What's Your House Worth? 5 Ways to Find Your Number
By Laura Agadoni
If you're thinking about prepping your home for sale -- or have already decided to sell -- it's important to have a good sense of what your home is worth in today's market. Your real estate agent will pull comps -- or prices of comparable properties -- and go over the data with you. But there are things you can do on your own to determine your property value, such as getting a personalized estimatefrom a site such as Trulia.
Keep in mind that any time you ask, "How much is my house worth?" the figure your agent or Trulia's valuation tool gives is only an estimate of what your house might sell for. "There's no magic bullet," says Josh Moffitt, president of Silverton Mortgage in Atlanta. "Your home is really only worth what someone will pay." So you'll have to wait until you start getting offers to know.
Not only that, but a home's value changes all the time. Real estate markets fluctuate: Neighborhood school ratings go up and down, you may add a pool or rip down that screened-in porch, or the hoarder next door may finally decide to move (or not). These factors among many more may or may not be reflected by whatever method you're using to find out your home's worth.
With all that said, getting a ballpark figure helps give a pretty solid idea on how to price your home. If you start too high, you might not sell. If you start too low, you'll shortchange yourself. Here are five ways to answer the question, "How much is my home worth?"
1. Figure Out Your X Factors.
Finding out what nearby homes have sold for is a great starting point, but you should also figure in what Mark Clement, contractor and co-host of the interactive video show MyFixitUpLife, calls the x factor: improvements you've made that could increase your home's value.
Things such as adding a new roof or new insulation to increase your home's energy efficiency are wise improvements that make your house "better than that house down the street," Clement says.
And if the renovations don't increase the value? "At worst, [they] help [the house] move faster than the house quite similar to it down the block," he says.
Here's a formula offered by Steven Lambert, a Washington agent: "Most homes, even with all the bells and whistles, will fall within a 2.5 percent range of the average sold price both below and over the number." Lambert says to put comps in your area that have sold in the past six to 12 months into a bell curve. "This allows you to remove outliers on both the high and low ends and will produce a number that is very accurate for home valuations and market prices in a particular area."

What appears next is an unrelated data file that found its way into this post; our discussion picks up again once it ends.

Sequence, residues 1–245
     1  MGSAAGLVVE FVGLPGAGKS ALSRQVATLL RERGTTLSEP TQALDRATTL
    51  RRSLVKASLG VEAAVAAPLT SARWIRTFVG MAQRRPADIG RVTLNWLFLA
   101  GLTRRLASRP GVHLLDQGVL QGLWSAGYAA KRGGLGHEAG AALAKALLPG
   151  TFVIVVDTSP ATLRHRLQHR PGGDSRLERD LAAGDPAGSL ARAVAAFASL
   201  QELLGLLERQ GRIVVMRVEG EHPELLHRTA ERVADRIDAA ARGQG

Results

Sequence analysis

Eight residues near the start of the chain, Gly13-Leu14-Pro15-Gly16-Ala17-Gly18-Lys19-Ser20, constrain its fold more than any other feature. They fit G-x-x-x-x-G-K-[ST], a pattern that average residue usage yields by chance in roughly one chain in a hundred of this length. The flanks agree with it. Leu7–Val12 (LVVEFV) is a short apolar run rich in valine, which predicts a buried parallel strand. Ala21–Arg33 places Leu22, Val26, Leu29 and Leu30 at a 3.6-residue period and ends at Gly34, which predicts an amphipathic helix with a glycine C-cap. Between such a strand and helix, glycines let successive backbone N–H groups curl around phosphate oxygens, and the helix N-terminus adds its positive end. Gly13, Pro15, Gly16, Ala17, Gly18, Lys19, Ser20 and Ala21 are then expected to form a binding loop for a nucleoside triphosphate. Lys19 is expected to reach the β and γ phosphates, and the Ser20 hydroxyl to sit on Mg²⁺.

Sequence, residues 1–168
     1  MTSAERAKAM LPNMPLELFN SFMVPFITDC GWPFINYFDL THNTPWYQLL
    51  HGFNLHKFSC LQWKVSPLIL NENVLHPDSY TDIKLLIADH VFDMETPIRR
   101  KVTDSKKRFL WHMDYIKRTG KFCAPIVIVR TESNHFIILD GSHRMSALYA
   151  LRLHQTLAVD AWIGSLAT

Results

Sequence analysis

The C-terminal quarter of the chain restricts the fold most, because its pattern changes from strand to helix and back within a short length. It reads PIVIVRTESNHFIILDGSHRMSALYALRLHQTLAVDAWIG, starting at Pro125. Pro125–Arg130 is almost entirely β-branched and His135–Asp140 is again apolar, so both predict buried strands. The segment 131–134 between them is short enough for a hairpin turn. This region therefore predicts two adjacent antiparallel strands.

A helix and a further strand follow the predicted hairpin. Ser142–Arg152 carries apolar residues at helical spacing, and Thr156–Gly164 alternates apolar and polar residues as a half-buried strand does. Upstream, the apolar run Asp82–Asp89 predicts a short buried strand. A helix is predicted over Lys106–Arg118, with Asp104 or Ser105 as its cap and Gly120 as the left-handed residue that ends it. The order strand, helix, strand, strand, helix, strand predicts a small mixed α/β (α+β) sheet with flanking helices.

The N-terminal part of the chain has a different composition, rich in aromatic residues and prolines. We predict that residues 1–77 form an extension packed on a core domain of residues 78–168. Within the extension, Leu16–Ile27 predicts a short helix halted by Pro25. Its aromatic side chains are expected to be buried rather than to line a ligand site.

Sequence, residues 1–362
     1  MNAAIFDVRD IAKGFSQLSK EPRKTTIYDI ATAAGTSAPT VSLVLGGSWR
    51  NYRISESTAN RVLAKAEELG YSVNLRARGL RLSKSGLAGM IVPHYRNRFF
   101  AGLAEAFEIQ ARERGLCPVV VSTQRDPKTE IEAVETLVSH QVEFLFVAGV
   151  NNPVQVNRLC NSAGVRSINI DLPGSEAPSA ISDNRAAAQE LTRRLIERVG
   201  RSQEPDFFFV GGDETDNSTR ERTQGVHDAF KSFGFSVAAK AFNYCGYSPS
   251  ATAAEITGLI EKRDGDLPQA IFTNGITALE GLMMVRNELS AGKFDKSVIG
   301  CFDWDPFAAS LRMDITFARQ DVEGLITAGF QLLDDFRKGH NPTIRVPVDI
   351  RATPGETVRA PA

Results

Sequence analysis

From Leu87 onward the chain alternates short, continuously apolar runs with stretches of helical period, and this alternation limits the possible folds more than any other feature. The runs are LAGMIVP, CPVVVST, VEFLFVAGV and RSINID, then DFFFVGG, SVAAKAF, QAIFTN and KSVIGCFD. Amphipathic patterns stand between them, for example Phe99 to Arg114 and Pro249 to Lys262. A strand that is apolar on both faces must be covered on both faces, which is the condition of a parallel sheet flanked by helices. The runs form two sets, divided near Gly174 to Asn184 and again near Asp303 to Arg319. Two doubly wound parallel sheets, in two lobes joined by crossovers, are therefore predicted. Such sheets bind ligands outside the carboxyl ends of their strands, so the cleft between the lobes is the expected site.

2. Use an Agent in the Know.
Although you'll get valuable information from a site such as Trulia on what your house is worth, you'll also benefit from getting the opinion of a real estate agent.
"Technology is a great part of the pricing tool kit, but it does not supplant a knowledgeable real estate agent any more than being able to read a legal case study online obviates the need for an attorney," says Bill Golden, an Atlanta real estate agent.
Besides just inquiring, "What's my home worth?" ask for a competitive market analysis (CMA) to get the most accurate value of your home. A CMA "consists of the real estate professional analyzing active listings as well as recently sold listings that are comparable to your property in the immediate vicinity," says Matt Johnson, a Maryland agent. "The report is free and takes only about 20 to 30 minutes."
A local real estate agent can tailor the estimate based on their familiarity with the area. But how should you find the right agent for you? "Survey two or three of the most successful real estate agents working in your marketplace," says Edward Kaminsky, a Southern California agent. "State that you want a realistic price evaluation. Ask the agent what they think the home will actually sell for, not what they would list it for." This helps ensure the agent isn't inflating the price just to land you as a client.
3. Hire an Appraiser.
Although it isn't always wise to hire an appraiser when you're selling -- it costs about $400 -- in some cases you might want to, such as when you get widely different numbers from real estate agents.
If you want to go this route, "hire an independent appraiser that is familiar with the area," says Ross Anthony, a San Diego real estate agent. "They will be able to compile the relevant data and use their experience to make adjustments for various features and locations."
4. Know What Your Goals Are.
The price you set for your home could very well determine its worth. But if you don't care how long your house sits because getting top dollar is your goal, you can price it high and see whether you'll get that price.
"Ask your agent or appraiser what the range is on your house," says Moffitt. That way, you can price on the low end for a quick sale or on the high end if top dollar is your goal.
5. Price Based on the 3 Cs.
If you like recipes, here's a house valuation formula that could prove to be a winner. Just combine all ingredients:
Competition: It's important because "you'll need to know how many homes in your price range are on the market," says Texas real estate agent Sissy Lappin, co-founder of ListingDoor.com. Lots of them? Price aggressively. Not so many? You can price a little higher.
Consumption (or absorption): This refers to "the number of homes sold in a neighborhood per month," says Lappin. Use neighboring homes as a benchmark. If nearby homes similar to yours sell on an average of two per month, for example, and there are three such homes currently on the market, with yours making four, it should take you two months to sell if you price it about the same as the others.
Condition: Compare your home with the others on the market. "Evaluate your home the way a picky buyer would, and have honest expectations," says Lappin.